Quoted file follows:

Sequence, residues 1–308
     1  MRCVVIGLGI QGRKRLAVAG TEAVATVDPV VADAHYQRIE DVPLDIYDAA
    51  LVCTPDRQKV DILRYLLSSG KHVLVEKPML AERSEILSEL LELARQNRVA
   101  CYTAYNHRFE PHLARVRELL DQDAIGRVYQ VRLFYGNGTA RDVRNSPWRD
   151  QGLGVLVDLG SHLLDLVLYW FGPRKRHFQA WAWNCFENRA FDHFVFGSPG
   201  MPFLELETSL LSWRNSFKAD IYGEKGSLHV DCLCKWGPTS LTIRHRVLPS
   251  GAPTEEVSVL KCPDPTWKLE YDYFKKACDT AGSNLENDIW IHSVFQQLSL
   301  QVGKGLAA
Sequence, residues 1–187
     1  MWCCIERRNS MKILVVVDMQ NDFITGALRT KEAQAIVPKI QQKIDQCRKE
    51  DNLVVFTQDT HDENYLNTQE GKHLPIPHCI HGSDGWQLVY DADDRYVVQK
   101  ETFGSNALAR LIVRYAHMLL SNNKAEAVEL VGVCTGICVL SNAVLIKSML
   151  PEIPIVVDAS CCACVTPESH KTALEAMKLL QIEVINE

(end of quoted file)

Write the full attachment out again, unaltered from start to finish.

Sequence, residues 1–308
     1  MRCVVIGLGI QGRKRLAVAG TEAVATVDPV VADAHYQRIE DVPLDIYDAA
    51  LVCTPDRQKV DILRYLLSSG KHVLVEKPML AERSEILSEL LELARQNRVA
   101  CYTAYNHRFE PHLARVRELL DQDAIGRVYQ VRLFYGNGTA RDVRNSPWRD
   151  QGLGVLVDLG SHLLDLVLYW FGPRKRHFQA WAWNCFENRA FDHFVFGSPG
   201  MPFLELETSL LSWRNSFKAD IYGEKGSLHV DCLCKWGPTS LTIRHRVLPS
   251  GAPTEEVSVL KCPDPTWKLE YDYFKKACDT AGSNLENDIW IHSVFQQLSL
   301  QVGKGLAA
Sequence, residues 1–187
     1  MWCCIERRNS MKILVVVDMQ NDFITGALRT KEAQAIVPKI QQKIDQCRKE
    51  DNLVVFTQDT HDENYLNTQE GKHLPIPHCI HGSDGWQLVY DADDRYVVQK
   101  ETFGSNALAR LIVRYAHMLL SNNKAEAVEL VGVCTGICVL SNAVLIKSML
   151  PEIPIVVDAS CCACVTPESH KTALEAMKLL QIEVINE